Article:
After numerous false starts thanks to a global pandemic shuttering theatres everywhere, Christopher Nolan’s much anticipated ‘next project’ is finally here. Tenet arrives with as much excitement as it does with trepidation given the synopsis provided in trailers teasing us since 2019 with a swathe of glorious pan shots, glimpses of adrenaline-inducing action, and all against a backdrop of a curious time-bending alternate reality.
For those Nolan fans who lauded the doses of time-sequencing trickery delivered in Interstellar, Memento, and Dunkirk, Tenet provides the sum of those doses in the one film. And then some. Make no mistake; the plot is complicated, and repeat views of the film may be required before the concept really kicks in. However, the basic premise is that objects are capable of being ‘inverted’ or reversed through time (an example of which we have seen in the trailers where a bullet goes from a wall back into the gun).
Should the technology be handed to nefarious criminals and determined doomsayers, the result can lead to the end of the world. If it all sounds too confusing, consider that Nolan spent around seven years studying the concept and crafting the script to its final form. It was therefore always going to be a challenge to reduce his work to 150 minutes. As if providing sage advice to the audience, Barbara, a scientist in the film (played by Clémence Poésy) attempts to explain the concept to our main character and, understanding the confused look on his face, suggests “don’t think too much about it”. Words could not have had more meaning in this film than those.
As for the main character, enter The Protagonist (John David Washington – and Denzel’s son), an unnamed CIA agent tasked with stopping said nefarious criminal Andrei Sartor (a scene-stealing Kenneth Branagh) from coming into hands with the ability to create inversions. Ably supported by Neil (a mature Robert Pattinson), the Protagonist and Neil band together with the help of Sartor’s estranged wife, Kat (a wonderful Elizabeth Debicki) to save the world. In doing so, there is much to understand and numerous twists and turns requiring clever and risky planning and some bold moves.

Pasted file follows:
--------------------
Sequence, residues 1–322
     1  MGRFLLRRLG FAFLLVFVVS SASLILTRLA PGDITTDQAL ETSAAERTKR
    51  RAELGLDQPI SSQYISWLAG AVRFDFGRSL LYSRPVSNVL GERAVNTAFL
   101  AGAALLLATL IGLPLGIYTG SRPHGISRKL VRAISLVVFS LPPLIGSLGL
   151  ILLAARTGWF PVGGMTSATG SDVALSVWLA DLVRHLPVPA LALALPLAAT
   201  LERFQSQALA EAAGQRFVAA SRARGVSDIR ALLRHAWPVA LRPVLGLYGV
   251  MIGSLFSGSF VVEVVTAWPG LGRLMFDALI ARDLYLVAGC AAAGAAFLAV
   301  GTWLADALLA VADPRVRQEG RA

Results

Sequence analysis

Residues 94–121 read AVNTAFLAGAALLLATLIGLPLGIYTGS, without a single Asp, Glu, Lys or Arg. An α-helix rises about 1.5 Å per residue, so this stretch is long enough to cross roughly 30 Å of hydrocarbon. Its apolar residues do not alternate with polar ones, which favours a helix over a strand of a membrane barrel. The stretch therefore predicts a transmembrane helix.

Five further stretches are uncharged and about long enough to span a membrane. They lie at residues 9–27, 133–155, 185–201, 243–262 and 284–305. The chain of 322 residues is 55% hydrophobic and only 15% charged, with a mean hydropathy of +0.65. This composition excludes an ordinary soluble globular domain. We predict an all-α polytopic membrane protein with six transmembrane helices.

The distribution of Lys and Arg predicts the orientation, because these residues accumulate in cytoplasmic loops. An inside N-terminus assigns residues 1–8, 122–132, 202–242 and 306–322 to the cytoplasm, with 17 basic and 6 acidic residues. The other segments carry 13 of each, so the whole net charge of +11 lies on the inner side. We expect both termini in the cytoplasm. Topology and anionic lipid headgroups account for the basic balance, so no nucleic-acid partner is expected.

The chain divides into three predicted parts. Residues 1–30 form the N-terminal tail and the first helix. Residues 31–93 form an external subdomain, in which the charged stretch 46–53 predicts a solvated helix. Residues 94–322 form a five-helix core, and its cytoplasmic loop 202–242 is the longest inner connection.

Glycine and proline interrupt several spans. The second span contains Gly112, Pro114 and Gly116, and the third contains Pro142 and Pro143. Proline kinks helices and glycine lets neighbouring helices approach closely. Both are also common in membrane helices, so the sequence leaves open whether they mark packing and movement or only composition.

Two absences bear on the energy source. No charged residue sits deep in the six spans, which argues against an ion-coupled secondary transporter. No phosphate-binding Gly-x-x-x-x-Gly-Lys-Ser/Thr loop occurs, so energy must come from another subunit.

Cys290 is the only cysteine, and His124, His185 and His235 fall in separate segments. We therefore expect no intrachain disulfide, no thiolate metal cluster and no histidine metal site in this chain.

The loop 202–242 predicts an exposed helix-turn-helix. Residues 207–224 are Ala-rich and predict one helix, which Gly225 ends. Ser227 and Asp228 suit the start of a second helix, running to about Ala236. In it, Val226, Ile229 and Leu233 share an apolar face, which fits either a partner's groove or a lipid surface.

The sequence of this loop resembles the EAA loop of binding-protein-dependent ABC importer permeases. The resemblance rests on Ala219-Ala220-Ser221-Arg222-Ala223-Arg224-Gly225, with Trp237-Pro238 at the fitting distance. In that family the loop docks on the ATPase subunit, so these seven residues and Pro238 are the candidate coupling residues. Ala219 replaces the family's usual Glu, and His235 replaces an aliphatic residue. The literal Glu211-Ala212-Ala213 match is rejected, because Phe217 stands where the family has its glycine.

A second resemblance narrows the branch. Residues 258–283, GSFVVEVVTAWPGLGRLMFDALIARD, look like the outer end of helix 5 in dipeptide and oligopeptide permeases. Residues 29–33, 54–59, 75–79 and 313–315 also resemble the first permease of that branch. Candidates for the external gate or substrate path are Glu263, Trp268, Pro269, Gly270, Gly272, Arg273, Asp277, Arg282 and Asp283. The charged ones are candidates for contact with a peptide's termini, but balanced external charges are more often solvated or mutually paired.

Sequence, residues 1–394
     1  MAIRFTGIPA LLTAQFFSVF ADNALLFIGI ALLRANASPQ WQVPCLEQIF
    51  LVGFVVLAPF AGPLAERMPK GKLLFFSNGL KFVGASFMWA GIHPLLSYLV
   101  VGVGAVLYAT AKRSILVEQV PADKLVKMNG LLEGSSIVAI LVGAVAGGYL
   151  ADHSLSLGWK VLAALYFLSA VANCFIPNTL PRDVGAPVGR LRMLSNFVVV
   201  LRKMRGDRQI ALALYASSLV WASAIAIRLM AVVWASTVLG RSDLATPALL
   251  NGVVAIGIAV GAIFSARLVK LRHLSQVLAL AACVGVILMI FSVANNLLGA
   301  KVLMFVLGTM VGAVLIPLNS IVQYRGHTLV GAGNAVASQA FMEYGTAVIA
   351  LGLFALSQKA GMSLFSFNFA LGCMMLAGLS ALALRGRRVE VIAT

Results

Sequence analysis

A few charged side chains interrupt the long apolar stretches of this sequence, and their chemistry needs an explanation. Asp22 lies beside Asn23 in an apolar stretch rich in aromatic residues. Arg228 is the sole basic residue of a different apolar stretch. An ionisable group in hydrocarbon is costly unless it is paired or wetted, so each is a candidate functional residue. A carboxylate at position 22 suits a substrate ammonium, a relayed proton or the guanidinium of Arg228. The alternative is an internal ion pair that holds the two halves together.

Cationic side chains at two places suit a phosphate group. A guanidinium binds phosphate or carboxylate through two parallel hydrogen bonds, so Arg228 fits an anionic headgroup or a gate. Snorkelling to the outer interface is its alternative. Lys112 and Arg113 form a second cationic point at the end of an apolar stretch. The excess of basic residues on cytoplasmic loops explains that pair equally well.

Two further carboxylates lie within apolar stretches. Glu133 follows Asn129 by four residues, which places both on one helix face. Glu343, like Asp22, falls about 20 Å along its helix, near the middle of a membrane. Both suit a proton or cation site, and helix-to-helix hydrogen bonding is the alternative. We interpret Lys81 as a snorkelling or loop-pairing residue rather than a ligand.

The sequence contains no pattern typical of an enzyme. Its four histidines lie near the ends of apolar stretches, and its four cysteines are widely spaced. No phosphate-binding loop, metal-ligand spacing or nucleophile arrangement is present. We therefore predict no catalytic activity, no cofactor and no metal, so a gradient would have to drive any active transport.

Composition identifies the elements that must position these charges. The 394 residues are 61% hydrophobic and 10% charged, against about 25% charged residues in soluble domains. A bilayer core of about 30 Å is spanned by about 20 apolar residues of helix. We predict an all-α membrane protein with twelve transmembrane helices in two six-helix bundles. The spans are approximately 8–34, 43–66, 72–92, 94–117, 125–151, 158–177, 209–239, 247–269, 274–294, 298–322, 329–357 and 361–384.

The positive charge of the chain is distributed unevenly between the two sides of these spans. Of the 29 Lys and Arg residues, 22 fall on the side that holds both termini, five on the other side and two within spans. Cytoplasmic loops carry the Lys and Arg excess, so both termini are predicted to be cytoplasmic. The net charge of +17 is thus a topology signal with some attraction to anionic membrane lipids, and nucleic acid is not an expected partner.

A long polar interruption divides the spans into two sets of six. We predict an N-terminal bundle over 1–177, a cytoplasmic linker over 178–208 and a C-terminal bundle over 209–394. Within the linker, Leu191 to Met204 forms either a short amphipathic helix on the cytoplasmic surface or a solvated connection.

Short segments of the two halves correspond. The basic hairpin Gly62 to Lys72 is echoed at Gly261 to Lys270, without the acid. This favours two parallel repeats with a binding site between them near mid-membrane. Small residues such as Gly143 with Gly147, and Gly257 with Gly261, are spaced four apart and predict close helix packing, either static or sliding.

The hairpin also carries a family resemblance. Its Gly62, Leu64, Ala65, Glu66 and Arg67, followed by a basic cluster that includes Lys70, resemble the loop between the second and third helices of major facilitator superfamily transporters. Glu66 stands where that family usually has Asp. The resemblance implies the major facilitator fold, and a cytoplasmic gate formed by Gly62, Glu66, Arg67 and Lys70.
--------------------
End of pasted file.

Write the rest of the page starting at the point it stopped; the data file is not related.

This results in some amazing action sequences right from the very beginning which keeps the adrenaline rushing and the attention squarely focussed on the screen. Given the complex narrative and plot, this is a significant visual feat. Providing some frustration is the difficulty in understanding the speech. Much of the dialogue seems muffled, and with beards on men being du jour, lip-reading proves difficult.
Another setback is the lack of characterisation for most of the characters. Only Branagh and Debicki offer some interesting character depth for the audience to sink their teeth into. The others barely get any backstory which makes it harder to stick with them through such a complex backdrop. There are suggestions of a romance which also falls flat and had little need to be there at all. But the performances of all the main actors are largely solid and consistent which helps take the focus away from this detraction.
Notwithstanding the frustrations, you can’t ignore the technical excellence of this film (okay, so ensuring the vocals can be heard over the score and background noise is indeed a sound editing, and therefore technical, issue). The special effects are jaw-droppingly good, particularly the reverse motion sequences. Arguably the best example of this is a heart-stopping car chase scene filmed in Estonia. It is mind-boggling to watch a car drive forward while the rest of the cars appear to be driving in reverse. If you have seen the trailers, you will have also viewed part of a scene where a plane crashes into a hangar. That scene was shot using a real Boeing 747 Nolan bought because it was supposedly cheaper to do so than use CGI-effects. Again, the result is a feast for the eyes and we get to view the scene again later in the film which is a further unique benefit.
There’s a frenetic pace to the film, which is surprising given its length, and yet given the unique subject matter; you don’t feel the time. But with the seemingly endless and exhaustive task of playing complex plot catch up, it is hard to just sit back and enjoy the film for what it is ultimately meant to be – a Bond-esque adventure on steroids.
Despite a lot of scene-jumping, you do appreciate cinematographer Hoyte van Hoytema’s work here at every moment. It’s an enjoyable ride, and the Nolan-Van Hoytema duo has delivered another banging number in that respect (following Interstellar and Dunkirk). Van Hoytema should very much be a nominee during awards season this year.
Furthermore, Ludwig Göransson’s (Black Panther, Venom, The Mandalorian) score has a certain familiarity to it, which is a shame but it still holds its own in enhancing and elevating the thrills.
The success of this film depends on how one gauges a ‘good film.’ Maybe a good film gets better with time after a number of viewings. This may make a unique Tenet a sure-fire hit. But if success is measured by an instant hit out of the ballpark, one could be disappointed. Only time will tell.
Tenet is out in Australian theatres (except Victoria) on 27 August.
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